552.336 (19S) Issues in Culture: Gate-keeping Nation - The Politics of Migration Control in the US

Sommersemester 2019

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Erster Termin der LV
06.03.2019 14:00 - 16:00 , N.0.27
... keine weiteren Termine bekannt

Überblick

Lehrende/r
LV-Titel englisch
Issues in Culture: Gate-keeping Nation - The Politics of Migration Control in the US
LV-Art
Seminar (prüfungsimmanente LV )
Semesterstunde/n
2.0
ECTS-Anrechungspunkte
6.0
Anmeldungen
16 (25 max.)
Organisationseinheit
Unterrichtssprache
Englisch
LV-Beginn
06.03.2019
eLearning
zum Moodle-Kurs

LV-Beschreibung

Intendierte Lernergebnisse

Students who complete this course will gain:

  • The ability to put debates about American immigration policies and laws into historic and comparative contexts, and to make sense of how the United States’ governance of immigration has both changed over time, and compares to the policies of other nations;
  • The ability to think critically about the evolution of and constitutional basis for immigration law and how it is shaped by dominant American cultural attitudes and ideologies;
  • The ability to think critically about how modern nation-states operate, and how borders, controls on human mobility, and citizenship define modern subjectivity;
  • The ability to compare how migration gets governed in relationship to controls (or their absence) on global trade and the circulation of ideas and culture;
  •  The ability to research and curate an exhibition on the history of migration

Inhalt/e

The idea that the United States is a “nation of immigrants” has been branded into the American public’s consciousness and cited as a source of American exceptionalism. If the United States is a “nation of immigrants,” however, it is also a nation built on the labor of enslaved, involuntary migrants. Since the late nineteenth century, the United States has initiated numerous laws restricting entry into the country for racial, economic, and social reasons. Today, nativist sentiment and anti-immigration laws under the Trump presidency show no signs of abating. This course aims to analyze migration through a critical framework that can inform dialogues and conversations about how to govern migration – whether in the United States, Austria, or globally – more humanely and justly.

Covering the colonial period to the present, we will examine the cultural, economic, and ideological factors behind the United States’ immigration policies during different eras. We will take an interdisciplinary approach to how immigration laws and their enforcement: reflect American attitudes; inform the United States’ relationships with other nations; and, create different legal statuses. As a class, we will look at how seemingly natural features of modern life, such as passports, national borders, and the notion of “legal” versus “illegal” immigrants, have been created over time. To this end, we will pay particular attention to how race, labor, gender, and sexuality have factored into the creation of immigration laws, and, at the same time, dictated the production of migrants’ status and identities. This course will conclude with readings and discussions that probe how immigration policies might evolve in the future, and how climate change, political instability, and the return of isolationism and nationalism will impact human movement on a global scale.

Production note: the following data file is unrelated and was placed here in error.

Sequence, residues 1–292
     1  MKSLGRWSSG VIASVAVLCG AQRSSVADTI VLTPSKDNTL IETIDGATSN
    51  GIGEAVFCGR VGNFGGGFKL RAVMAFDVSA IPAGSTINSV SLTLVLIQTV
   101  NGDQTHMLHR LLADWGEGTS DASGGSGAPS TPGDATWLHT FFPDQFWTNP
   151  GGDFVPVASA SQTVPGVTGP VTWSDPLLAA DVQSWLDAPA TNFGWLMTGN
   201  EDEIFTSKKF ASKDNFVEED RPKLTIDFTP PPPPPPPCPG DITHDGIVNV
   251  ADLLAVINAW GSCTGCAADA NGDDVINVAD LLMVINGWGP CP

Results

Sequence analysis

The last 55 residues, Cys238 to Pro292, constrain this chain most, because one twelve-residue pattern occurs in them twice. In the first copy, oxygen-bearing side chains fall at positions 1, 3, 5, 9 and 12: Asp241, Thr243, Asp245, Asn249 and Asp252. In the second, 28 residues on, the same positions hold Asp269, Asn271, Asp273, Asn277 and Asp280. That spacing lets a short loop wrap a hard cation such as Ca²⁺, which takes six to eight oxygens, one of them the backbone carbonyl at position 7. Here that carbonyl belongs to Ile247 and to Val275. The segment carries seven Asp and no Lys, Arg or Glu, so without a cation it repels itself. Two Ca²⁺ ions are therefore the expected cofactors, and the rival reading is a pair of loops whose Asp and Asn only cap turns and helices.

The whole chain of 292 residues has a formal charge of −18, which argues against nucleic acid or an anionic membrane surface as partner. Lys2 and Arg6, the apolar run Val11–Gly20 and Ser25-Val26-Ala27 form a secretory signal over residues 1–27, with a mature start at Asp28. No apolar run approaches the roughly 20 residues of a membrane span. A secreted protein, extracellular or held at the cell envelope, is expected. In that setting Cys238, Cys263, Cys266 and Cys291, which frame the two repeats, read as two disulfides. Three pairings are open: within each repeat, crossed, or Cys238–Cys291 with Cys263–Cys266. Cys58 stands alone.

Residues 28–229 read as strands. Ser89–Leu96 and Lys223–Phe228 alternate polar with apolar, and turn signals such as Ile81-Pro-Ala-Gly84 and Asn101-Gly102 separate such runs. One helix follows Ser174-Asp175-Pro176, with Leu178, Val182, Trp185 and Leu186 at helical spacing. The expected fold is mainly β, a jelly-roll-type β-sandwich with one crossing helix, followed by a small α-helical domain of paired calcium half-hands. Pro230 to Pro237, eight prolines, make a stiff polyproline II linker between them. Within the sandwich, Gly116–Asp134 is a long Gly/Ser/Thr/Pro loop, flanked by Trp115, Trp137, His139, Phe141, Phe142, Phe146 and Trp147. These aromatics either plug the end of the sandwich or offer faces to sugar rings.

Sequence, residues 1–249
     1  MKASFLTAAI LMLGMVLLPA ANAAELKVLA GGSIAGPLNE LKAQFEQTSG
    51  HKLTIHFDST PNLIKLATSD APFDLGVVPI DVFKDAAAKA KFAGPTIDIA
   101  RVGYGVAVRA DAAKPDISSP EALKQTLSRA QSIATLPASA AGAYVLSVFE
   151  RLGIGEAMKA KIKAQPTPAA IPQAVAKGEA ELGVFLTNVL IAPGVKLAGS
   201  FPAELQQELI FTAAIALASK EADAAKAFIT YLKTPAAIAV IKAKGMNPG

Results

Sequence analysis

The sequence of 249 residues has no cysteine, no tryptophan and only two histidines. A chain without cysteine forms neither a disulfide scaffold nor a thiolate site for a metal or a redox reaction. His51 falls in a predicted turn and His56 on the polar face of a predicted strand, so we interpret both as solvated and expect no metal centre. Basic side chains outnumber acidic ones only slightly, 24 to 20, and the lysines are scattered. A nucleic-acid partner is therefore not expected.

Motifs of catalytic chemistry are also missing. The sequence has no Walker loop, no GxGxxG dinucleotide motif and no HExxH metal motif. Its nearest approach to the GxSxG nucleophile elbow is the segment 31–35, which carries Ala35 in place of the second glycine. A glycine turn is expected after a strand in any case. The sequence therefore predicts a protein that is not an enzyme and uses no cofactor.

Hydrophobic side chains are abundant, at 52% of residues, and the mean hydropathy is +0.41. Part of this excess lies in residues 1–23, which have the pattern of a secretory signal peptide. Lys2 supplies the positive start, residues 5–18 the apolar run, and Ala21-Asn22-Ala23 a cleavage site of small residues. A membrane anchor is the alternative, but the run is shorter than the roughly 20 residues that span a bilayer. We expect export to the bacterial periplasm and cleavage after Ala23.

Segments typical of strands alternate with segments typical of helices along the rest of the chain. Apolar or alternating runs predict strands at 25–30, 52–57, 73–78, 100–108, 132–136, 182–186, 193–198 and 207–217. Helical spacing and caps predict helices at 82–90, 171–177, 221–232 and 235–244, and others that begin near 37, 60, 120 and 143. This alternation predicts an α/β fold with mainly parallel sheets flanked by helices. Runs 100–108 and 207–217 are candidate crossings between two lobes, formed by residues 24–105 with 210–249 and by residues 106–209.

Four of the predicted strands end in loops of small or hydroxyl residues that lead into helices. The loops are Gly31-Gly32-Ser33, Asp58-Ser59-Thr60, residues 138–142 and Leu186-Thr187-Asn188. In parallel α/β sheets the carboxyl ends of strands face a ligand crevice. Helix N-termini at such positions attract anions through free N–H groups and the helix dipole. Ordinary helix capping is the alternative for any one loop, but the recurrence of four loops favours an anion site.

At the core of this course will be a public humanities project, aimed at audiences beyond the university, which will focus on Displaced Persons and refugees in Carinthia in the aftermath of World War II. Using original primary sources from the United Nations Archives and the British National Archives, students will curate blog posts that use these materials to explore and explain migration and asylum in this era.

Literatur

Tara Zahra. The Great Departure: Mass Migrationfrom Eastern Europe and the Making of the Free World. New York: W.W. &Norton Company, 2017. 

Prüfungsinformationen

Beurteilungsschema

Note/Grade Benotungsschema

Position im Curriculum

  • Besonderer Studienbereich Besonderer Studienbereich Friedensstudien (SKZ: 900, Version: 05S)
    • Fach: Erweiterungsbereich (Freifach)
      • Weitere anrechnungsfähige LVs aus anderen Studienplänen ( 0.0h / 0.0 ECTS)
        • 552.336 Issues in Culture: Gate-keeping Nation - The Politics of Migration Control in the US (2.0h SE / 6.0 ECTS)
  • Bachelorstudium Anglistik und Amerikanistik (SKZ: 612, Version: 15W.1)
    • Fach: Literatur- und kulturwissenschaftlich ausgerichtetes Wahlfach (Wahlfach)
      • Issues in Culture ( 0.0h SE / 6.0 ECTS)
        • 552.336 Issues in Culture: Gate-keeping Nation - The Politics of Migration Control in the US (2.0h SE / 6.0 ECTS)
          Absolvierung im 4., 5. Semester empfohlen
  • Bachelorstudium Anglistik und Amerikanistik (SKZ: 612, Version: 15W.1)
    • Fach: Freie Kombination (Wahlfach)
      • Freie Kombination ( 0.0h SE / 12.0 ECTS)
        • 552.336 Issues in Culture: Gate-keeping Nation - The Politics of Migration Control in the US (2.0h SE / 6.0 ECTS)
          Absolvierung im 5., 6. Semester empfohlen
  • Bachelorstudium Anglistik und Amerikanistik (SKZ: 612, Version: 10W.3)
    • Fach: Culture (Wahlfach)
      • Issues in Culture ( 2.0h SE / 7.0 ECTS)
        • 552.336 Issues in Culture: Gate-keeping Nation - The Politics of Migration Control in the US (2.0h SE / 7.0 ECTS)
  • Masterstudium Game Studies and Engineering (SKZ: 992, Version: 17W.2)
    • Fach: Gebundenes Wahlfach (Wahlfach)
      • Modul: Game Studies
        • 4.2 Issues in Culture ( 0.0h SE / 6.0 ECTS)
          • 552.336 Issues in Culture: Gate-keeping Nation - The Politics of Migration Control in the US (2.0h SE / 6.0 ECTS)
            Absolvierung im 1., 2., 3. Semester empfohlen

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